Archives for October 2007

Google’s new PageRank update – what now?

This week, several popular blogs reported a significant decrease in their PageRank after the recent Google PageRank update.  At first, the entire blogosphere was confused about what caused this drop, until it became apparent that selling paid text links on your website can hurt your PR.  It’s certainly no surprise, since Matt Cutts has been saying since June that Google thinks link buying is outside their guidelines and that “we might take strong actions on that in the future”.

Well now they have.  It took a while, but the confirmation about this update was eventually released.

So what’s been the overall effect on the blogosphere?  The ones directly affected are those who have been making a decent income off of paid text links.  PageRank is one of the more important qualifiers listed by people selling these links.  A link from a site with PR 9 will cost more than a link from a site of PR 7.  If site owners will adjust their prices based on the PR update, well… it’s probably not something they look forward to.

Of course, there are many “innocent bystanders” affected by this as well.  If most of the sites that link to you are penalized with a lower PR, odds are your PR will decrease too.   Not to mention the sites that were wrongfully penalized such as Darren Rowse’s Problogger.  Other bloggers cried foul, and Google responded by restoring their original PR.

There’s even some speculation that it’s a manual update, since PR changes are mostly going on for well-established blogs, websites, linkfarms, and blog networks – rather than a general update going on all over the net.  Right now, most of the big bloggers out there are at the mercy of Google.  Personally, I couldn’t care less.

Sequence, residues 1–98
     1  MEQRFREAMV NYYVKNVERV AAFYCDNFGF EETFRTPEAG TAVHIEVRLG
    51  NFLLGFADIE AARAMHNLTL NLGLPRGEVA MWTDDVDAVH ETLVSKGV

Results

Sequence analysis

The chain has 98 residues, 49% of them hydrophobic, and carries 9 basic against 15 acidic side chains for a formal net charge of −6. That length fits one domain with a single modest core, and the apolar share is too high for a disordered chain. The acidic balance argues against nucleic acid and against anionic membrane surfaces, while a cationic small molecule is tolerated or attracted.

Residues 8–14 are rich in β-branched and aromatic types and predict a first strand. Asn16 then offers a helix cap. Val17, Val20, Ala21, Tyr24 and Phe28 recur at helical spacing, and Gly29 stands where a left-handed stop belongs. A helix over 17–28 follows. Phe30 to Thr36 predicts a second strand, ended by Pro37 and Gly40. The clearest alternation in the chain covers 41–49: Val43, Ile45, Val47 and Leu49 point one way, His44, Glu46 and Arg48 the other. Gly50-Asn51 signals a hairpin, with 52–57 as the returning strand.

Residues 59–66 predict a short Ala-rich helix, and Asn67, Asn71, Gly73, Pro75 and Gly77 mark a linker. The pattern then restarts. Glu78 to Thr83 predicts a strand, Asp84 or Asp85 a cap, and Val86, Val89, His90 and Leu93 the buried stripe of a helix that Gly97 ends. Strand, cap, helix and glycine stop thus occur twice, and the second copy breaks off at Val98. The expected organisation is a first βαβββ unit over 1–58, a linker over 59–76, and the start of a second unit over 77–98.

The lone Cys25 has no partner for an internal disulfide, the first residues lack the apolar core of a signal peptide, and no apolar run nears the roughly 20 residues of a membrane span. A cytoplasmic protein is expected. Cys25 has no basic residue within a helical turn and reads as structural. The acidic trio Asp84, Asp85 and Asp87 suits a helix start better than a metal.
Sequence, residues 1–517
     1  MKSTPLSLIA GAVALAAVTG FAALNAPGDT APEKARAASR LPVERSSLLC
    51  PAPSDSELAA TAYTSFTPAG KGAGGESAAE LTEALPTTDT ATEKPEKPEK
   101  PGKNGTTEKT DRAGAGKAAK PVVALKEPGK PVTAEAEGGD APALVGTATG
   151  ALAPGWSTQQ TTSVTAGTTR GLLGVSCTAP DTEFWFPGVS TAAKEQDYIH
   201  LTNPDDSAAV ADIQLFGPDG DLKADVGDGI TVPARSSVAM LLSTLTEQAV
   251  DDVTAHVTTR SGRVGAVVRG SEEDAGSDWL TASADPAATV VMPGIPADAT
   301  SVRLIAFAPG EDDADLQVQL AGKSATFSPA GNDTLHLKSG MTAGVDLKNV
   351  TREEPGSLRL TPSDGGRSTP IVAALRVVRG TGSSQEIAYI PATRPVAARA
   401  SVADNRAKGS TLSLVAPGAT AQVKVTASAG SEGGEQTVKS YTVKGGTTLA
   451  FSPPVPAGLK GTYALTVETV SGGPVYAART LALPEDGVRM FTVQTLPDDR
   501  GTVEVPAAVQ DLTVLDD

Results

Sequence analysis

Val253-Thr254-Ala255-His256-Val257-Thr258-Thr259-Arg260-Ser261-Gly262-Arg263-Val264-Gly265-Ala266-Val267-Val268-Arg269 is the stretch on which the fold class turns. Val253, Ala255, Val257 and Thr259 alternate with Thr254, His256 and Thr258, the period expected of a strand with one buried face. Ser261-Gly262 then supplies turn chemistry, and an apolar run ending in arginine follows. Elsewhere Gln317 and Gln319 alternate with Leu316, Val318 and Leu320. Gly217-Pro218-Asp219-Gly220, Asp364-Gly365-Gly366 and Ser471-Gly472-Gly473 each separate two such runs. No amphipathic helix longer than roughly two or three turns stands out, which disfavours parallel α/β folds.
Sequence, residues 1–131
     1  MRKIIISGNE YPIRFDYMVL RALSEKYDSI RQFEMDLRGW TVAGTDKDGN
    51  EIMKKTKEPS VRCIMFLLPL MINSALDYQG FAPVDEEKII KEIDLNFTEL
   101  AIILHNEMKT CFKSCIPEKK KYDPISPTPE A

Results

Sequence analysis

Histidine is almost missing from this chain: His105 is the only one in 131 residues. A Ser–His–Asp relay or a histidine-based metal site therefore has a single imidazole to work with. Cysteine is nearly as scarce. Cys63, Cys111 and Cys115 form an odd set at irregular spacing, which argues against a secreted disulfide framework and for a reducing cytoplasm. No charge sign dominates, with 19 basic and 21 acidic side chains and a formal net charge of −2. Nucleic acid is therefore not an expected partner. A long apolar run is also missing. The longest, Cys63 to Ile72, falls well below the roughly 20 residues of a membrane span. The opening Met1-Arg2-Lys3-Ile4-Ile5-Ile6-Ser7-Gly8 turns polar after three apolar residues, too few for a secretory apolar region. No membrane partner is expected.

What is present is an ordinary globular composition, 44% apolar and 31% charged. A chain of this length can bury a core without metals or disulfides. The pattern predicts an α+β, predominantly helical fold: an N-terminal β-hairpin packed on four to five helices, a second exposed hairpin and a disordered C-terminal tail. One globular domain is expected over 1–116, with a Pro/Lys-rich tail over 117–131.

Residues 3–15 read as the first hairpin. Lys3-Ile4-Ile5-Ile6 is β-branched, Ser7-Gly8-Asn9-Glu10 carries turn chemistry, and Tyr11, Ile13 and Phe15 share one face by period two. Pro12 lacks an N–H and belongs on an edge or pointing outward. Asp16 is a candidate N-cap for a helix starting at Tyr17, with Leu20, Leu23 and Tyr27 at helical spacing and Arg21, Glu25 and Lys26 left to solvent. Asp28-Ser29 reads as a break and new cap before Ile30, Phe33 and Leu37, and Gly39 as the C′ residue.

That’s right.  I don’t really care.

Barry Schwartz actually had an increase in site visitors despite the decreased PR.  If you check out Ryan Caldwell’s post on acquiring longterm leverage for your websites rather than being obsessed with transitory trends and changes in search engine algorithms.  This PR update (or any other update) doesn’t have to affect you if you don’t want it to.

If you’re a blogger selling paid text links, what are you going to do now?  First, if Google PR is important to you, stop selling these links blatantly. Or at all.  If you still want to sell links, instead of using PR as a qualifier for your price, use pageviews instead or case studies from previous links, etc.  That’s what I look for when buying links, not PR per se.  There are other ways to measure popularity out there, especially for social bookmarking sites that depend on readers rather than a big search engine bully.

Or try selling graphic/image links instead.

Being too dependent on Google will cripple you.   Even if they may deliver a huge percentage of your search engine traffic, you need to have a backup plan in place.  By all means, use Google PR to measure some level of success, if you want.  However, don’t hyperventilate with each change they make.  It’s their search engine.  They’ll do whatever they want with it.  John Chow has been Google-slapped several times and I don’t think it’s greatly affected his popularity or income.  I know I’m not John Chow, but using him as an example drives a point home:

Just make a good, regularly updated site that people will read, come back to, and tell their friends about.

What “good” means is up to you and your readers.  Don’t let Google define it.

Filed in: SEO News

by: Celine Roque

13 Comments

SEO certification: good as credentials or as toilet paper?

533025_graduation_diploma.jpgRecently I toyed with the idea of getting SEO certification. After all, getting training for any kind of field and getting a certificate boosts your credibility. Does this apply to a new field of study such as SEO? It might help me when it comes to my SEO career. Or it might be a complete waste of time and money. Should I finally get SEO-certified? I’ve looked at some certification programs for the answer.